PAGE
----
A Christmas Carol
St. Albert Singers Guild
Friday, Dec. 6, at 7 p.m. and Saturday, Dec. 7, at 2 p.m. and 7 p.m.
St. Albert United Church
20 Green Grove Dr.
Tickets: General admission $20. Call Verla at 780-418-4184
Call it Christmas with a twist.
The St. Albert Singers Guild is upending the traditional music of A Christmas Carol with an unconventional trip through Scrooge and Marley enterprises.
The 1951 British fantasy film, Scrooge, was a successful adaptation of Charles Dickens’ A Christmas Carol (1843). It firmly established actor Alastair Sim as the quintessential Scrooge, a wealthy skinflint doomed to a wretched existence.
Originally, this Dickensian tale of transformation and redemption was filmed using haunting music to create a supernatural aura. Conductor Criselda Mierau and the 79 singers offer a more upbeat, warm and fuzzy vision woven into a contemporary beat.
This concert dabbles in a wide range of musical styles from rock, pop and disco to classical, musical theatre and movie scores. Wes Caswell (bass), Kevin Andrews (drums/flute), Elizabeth Freiter (piano) and Gunnar Lang accompany the singers.
Although the original story was published more than 175 years ago, its message continues to cascade through the decades, sending ripples into modern times.
“For me, this is a story about hope and redemption. That’s a theme that speaks to me so profoundly. We see this miserly character that chooses misery. When the ghosts visit him, he chooses redemption. People can change. That’s hope and that is what Christmas means to me. And those of us who hold hope in our hearts need to share it,” said Mierau.
The singers originally produced A Christmas Carol in 2010, and they are bringing back John Kennedy as Scrooge.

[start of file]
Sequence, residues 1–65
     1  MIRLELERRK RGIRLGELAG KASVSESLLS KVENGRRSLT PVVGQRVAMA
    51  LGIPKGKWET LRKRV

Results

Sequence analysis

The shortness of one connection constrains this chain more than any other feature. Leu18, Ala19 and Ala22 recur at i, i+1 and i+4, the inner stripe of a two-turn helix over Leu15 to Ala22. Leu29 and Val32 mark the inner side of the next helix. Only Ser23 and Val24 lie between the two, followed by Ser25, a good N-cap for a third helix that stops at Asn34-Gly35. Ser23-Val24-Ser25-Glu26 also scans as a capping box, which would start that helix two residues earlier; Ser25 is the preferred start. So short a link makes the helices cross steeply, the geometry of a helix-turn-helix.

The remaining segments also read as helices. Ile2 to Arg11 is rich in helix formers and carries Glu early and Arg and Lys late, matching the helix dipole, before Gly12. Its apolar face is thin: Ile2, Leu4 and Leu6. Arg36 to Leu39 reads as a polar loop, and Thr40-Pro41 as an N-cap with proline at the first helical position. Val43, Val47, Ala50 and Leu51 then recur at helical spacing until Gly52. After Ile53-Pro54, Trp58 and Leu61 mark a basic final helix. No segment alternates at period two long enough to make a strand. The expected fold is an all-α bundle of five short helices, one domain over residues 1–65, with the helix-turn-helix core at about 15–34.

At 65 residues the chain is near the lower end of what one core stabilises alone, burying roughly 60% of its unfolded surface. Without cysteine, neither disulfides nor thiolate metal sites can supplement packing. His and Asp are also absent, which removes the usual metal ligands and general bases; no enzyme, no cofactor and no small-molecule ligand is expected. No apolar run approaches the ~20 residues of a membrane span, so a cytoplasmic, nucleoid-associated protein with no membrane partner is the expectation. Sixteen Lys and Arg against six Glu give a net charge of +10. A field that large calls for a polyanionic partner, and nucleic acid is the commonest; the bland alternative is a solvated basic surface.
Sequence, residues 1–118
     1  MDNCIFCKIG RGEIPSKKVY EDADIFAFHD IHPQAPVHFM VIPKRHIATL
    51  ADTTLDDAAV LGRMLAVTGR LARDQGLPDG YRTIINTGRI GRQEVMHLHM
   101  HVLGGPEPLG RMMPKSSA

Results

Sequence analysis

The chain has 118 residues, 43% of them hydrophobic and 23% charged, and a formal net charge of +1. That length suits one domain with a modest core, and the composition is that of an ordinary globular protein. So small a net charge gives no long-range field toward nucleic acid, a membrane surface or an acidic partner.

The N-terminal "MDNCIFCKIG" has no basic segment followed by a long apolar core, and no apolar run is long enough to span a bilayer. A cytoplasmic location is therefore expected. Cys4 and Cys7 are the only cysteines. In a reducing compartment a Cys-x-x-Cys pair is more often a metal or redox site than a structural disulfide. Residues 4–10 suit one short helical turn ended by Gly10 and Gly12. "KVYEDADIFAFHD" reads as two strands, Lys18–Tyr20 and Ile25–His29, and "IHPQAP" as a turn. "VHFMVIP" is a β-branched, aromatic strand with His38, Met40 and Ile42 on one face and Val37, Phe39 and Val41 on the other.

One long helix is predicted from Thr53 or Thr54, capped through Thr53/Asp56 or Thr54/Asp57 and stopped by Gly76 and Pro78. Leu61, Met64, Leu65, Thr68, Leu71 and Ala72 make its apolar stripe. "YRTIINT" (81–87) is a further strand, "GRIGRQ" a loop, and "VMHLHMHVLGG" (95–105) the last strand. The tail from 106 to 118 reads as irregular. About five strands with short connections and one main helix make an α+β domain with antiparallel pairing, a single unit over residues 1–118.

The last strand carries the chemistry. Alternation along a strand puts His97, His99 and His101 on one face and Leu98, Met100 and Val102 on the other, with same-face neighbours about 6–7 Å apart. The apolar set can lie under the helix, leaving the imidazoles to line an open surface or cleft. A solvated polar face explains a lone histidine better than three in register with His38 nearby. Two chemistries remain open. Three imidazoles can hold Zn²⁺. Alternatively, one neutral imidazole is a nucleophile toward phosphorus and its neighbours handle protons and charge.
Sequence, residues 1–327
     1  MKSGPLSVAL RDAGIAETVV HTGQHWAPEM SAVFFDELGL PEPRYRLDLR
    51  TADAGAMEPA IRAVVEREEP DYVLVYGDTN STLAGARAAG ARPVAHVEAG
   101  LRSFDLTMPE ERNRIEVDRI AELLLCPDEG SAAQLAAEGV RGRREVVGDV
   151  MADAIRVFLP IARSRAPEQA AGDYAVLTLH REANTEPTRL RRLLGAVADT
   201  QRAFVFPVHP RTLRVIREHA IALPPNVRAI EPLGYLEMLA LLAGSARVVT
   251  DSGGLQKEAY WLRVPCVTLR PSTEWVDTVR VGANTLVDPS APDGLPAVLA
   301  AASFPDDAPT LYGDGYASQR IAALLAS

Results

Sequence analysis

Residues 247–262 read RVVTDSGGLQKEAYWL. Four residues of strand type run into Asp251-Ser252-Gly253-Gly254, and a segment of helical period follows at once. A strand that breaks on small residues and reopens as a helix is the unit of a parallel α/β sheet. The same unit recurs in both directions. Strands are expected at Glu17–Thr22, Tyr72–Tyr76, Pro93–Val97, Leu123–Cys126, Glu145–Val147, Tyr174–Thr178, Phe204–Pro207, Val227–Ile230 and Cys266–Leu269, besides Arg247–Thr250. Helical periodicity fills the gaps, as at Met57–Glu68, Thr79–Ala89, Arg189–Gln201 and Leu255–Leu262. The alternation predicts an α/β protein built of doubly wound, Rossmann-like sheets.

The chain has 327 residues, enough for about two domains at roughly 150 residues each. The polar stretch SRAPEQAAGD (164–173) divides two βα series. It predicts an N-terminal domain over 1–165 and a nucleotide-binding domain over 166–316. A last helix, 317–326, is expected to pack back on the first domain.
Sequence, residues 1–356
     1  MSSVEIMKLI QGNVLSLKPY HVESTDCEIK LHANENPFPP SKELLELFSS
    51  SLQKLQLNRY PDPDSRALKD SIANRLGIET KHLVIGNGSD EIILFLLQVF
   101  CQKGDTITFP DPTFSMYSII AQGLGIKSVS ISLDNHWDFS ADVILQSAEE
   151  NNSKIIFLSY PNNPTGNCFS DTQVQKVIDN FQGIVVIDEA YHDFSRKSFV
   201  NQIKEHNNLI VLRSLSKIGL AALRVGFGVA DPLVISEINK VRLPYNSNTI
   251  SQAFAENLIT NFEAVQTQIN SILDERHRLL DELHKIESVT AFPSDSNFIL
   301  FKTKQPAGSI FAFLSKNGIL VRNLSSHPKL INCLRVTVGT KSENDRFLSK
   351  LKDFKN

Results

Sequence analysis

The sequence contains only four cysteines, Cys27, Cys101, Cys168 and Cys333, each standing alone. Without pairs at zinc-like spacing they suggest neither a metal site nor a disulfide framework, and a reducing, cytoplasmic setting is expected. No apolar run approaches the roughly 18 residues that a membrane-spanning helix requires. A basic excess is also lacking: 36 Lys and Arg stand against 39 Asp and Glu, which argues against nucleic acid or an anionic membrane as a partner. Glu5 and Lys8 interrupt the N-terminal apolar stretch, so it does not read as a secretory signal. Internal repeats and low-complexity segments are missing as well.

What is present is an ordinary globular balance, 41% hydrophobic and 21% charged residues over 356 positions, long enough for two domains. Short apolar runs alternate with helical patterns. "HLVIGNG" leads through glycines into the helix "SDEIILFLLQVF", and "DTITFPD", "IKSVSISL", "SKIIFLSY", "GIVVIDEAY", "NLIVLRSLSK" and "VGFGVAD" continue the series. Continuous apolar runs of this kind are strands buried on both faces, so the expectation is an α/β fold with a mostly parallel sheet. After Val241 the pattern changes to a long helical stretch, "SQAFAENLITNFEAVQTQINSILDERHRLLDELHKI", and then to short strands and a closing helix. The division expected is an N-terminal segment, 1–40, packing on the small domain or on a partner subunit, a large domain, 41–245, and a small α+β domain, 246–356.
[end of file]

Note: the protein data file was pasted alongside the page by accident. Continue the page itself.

“He’s a good actor. He puts a lot into his face and body and makes Scrooge a complete character," Mierau said.
Ian Skogstad, a 29-year Singers veteran, returns as the Ghost of Christmas Past, while Leo Bruseker reprises his role as Fred, Scrooge’s warm-hearted and spirited nephew.
“Leo has an incredible sense of humour and lightness. He’s been through some pretty tough times, but he elevates himself and it’s cool to see him do it again.”
Eric Mierau restores the ghost of Marley, Scrooge’s deceased business partner, even as Ed Toop comes back fundraising for the poor.
And Timothy J. Anderson, one of Edmonton’s favourite storytellers, also rejoins as narrator.
“Tim has such intuitive ideas and an organic quality. He understands what goes on and he brings neat, creative ideas that make a big difference. He brings a quality that elevates us.”
Assorted songs span from Put a Little Love in Your Heart found in the 1988 movie soundtrack of Scrooged to the 19th century hymn What Child Is This.
“In What Child Is This, we are joined by five bellringers from the church.”
And in the scene where Scrooge realizes there is no Tiny Tim, the choir sings Bring Him Home from Les Misérables.
“It’s not a Christmas song, but it works so well in this scene.”
As Scrooge looks back on his on true love, Belle, the choir sings the heartfelt When She Loves Me from Toy Story 2. And at the beginning as Cratchit fantasizes about heat while working in Scrooge’s chilly office, the choir belts out Donna Summers' big hit, Hot Stuff.
“Hot Stuff is a moment of levity in the concert,” laughs Mierau.
Three concerts are programmed to run at St. Albert United Church on Friday, Dec. 6, and Saturday, Dec. 7. Donations for the St. Albert Food Bank are gratefully accepted.